Tom Stinson: A remote leader needs to embrace and be an advocate for diversity. We are in the box seats to show the world how humans can and should work together.
Tom Stinson: The second point I want to talk about the things that are unique to us is that we’re at different stages. And I believe that this sign that goes under the radar. Not just working with different experiences that are available, but also with the different life stages. I think typically with, at office work, it would be quite common to find people who are in the same stages of life, in the same roles, with the same level of experience, but with remote work, The variety of stages can be vastly different.
Tom Stinson: A [00:29:00] small example, you know, the team I get to work with, we have two highly skilled mothers who have young children and are still breastfeeding. A female who is new to the industry after a career change, a father who has spent the majority of the last two years in hospital with his daughter, a female who is a digital nomad with her.
Tom Stinson: A mother who has been navigating a career change and, uh, doing at-home learning with her teenagers, a father who is homeschooling his young children in the mountains. And then another who’ve really located near some ski fields with his family, just within our team. We have many different stages of personal and work life records.
Tom Stinson: And I’m so thrilled that the life choices and situations of my teammates and not considered a hindrance to their work or ability, but actually it is [00:30:00] an enriching benefit to who we are and what we can offer. So how can a remote leader respond to this thing? It is about embracing the different. Of experiences equally and adjust your expectations to allow for multiple stages.
Tom Stinson: It doesn’t weaken, it enhances your team. So again, it it’s about learning trust about saying, you know what? I may not understand your stage. I know may not be there. I don’t know about your experience, but I’m going to place trust in you to add to this community.
Tom Stinson: The diversity in different stages that are on offer in the remote space can allow us to lead in a new way and break down some old [00:31:00] irrelevant walls that have been pulled up.
Tom Stinson: So tired. I wanted to talk about that. A leader’s role is to make it feel okay. To be human. Okay. And the things that unite us, but also in the uniqueness that we bring, the things that unite us were that were emotional. And as a leader, ask yourself, how can I create a positive emotional atmosphere and learn about empathy?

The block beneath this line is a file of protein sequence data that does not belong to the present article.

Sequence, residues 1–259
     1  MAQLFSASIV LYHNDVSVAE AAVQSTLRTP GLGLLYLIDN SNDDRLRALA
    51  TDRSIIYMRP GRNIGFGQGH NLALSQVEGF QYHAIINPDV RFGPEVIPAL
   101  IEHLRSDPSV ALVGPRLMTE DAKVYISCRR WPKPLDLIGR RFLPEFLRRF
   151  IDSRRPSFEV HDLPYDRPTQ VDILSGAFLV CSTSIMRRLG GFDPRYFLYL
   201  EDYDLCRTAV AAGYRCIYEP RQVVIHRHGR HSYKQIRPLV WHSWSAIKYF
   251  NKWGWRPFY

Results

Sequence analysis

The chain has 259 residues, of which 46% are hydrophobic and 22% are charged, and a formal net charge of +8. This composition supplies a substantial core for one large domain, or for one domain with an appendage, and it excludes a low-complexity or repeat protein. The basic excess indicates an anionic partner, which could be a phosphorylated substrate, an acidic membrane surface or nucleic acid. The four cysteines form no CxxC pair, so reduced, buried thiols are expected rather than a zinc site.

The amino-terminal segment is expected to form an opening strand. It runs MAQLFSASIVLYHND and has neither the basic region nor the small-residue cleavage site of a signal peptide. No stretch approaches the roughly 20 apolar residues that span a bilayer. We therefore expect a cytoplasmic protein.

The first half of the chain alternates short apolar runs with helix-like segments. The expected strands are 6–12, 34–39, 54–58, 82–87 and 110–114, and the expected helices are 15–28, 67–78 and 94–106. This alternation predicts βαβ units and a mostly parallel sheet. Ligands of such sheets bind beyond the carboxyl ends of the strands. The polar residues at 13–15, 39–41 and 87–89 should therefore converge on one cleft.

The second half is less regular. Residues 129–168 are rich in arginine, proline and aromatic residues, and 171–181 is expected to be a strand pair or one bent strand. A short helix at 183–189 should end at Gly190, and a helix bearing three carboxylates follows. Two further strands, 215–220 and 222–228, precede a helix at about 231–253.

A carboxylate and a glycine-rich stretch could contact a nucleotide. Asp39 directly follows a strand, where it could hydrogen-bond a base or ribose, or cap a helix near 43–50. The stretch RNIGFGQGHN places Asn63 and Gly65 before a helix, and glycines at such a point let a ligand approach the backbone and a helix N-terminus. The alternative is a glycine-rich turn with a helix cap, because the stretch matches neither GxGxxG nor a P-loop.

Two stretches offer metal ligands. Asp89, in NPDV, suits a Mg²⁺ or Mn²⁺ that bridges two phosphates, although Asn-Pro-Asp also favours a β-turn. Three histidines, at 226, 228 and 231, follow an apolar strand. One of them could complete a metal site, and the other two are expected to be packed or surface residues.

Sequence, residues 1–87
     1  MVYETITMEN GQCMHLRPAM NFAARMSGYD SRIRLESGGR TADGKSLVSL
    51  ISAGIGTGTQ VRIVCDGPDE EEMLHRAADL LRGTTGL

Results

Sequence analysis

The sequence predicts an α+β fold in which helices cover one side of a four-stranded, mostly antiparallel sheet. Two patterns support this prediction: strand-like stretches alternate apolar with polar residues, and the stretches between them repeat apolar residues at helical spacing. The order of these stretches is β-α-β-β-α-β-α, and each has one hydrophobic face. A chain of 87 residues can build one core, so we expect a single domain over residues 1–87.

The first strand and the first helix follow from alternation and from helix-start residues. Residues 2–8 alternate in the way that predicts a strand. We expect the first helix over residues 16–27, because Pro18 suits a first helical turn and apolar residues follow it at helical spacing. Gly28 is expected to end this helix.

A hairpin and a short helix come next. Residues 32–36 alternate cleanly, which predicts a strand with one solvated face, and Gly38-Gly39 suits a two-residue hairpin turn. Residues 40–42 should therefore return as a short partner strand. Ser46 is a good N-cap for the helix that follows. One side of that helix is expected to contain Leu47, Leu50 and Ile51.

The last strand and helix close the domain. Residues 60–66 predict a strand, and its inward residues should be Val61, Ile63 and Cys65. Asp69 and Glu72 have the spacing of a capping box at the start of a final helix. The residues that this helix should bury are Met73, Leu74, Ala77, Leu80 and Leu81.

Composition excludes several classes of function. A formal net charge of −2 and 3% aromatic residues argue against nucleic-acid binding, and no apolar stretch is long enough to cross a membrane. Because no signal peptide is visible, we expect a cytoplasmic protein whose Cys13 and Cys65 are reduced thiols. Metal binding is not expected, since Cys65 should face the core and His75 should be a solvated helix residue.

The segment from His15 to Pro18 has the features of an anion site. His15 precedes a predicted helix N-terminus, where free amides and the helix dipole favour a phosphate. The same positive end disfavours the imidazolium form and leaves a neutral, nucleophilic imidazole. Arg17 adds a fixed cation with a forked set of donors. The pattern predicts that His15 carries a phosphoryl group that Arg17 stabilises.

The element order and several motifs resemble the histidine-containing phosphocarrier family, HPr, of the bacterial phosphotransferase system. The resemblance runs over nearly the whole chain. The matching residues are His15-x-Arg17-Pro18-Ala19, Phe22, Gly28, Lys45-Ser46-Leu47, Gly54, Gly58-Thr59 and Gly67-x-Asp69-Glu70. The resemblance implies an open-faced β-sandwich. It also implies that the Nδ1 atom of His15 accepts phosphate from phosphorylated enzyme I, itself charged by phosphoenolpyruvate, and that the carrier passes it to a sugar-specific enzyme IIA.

Tom Stinson: The second thing is that we’re in trouble. Ask yourself, how can I encourage collaboration? And the application of knowledge learn about trust? The things that are unique is that we are diverse. Ask yourself, how can I be an advocate for diversity, equality and inclusion, learn [00:32:00] empathy, and we’re in different stages.
Tom Stinson: Uh, ask yourself, how do the differences of the team bring new perspectives and insights learn trust?
Tom Stinson: When my daughter was three months old, um, we had to take her to hospital because of an infection soon found out it was meningitis, which is a serious infection. The. Which was going to resolve my wife and Molly, having to stay in hospital for six weeks. And I would be at home without all the two, while the nurses were doing a routine check, they found a lump in her abdomen, long story short after tests and surgery, we found that she had aggressive neuroblastoma cancer and with treatment, she was given a 50, 50 chance of surviving.
Tom Stinson: [00:33:00] So four months old, she started chemotherapy. And a lot of other things I’m passionate about treating and leading humans in a way that makes it okay to feel human because I was on the receiving end of this. My work community offered all the support that I and my family would need. They allowed me space.
Tom Stinson: They allow me to talk. They offered me support in so many ways, but they also need that my capacity was drastically reduced. And the best way for me to work was by give me lists of tasks to do see responsibilities. Weren’t right. For me at that time, the tasks were good. I could come to work and just work through them.
Tom Stinson: It felt like I was still contributing back to my team, but then I was able to be there for my family.[00:34:00]
Tom Stinson: My daughter is now two and a half years old. The other month she was cleared of all cancer and that we are so excited as her parents to be at lead her and love her in a life that’s going to be long and amazing. But see, I, I was treated as a human being where my emotions. And stage work acknowledged, accounted for and supported.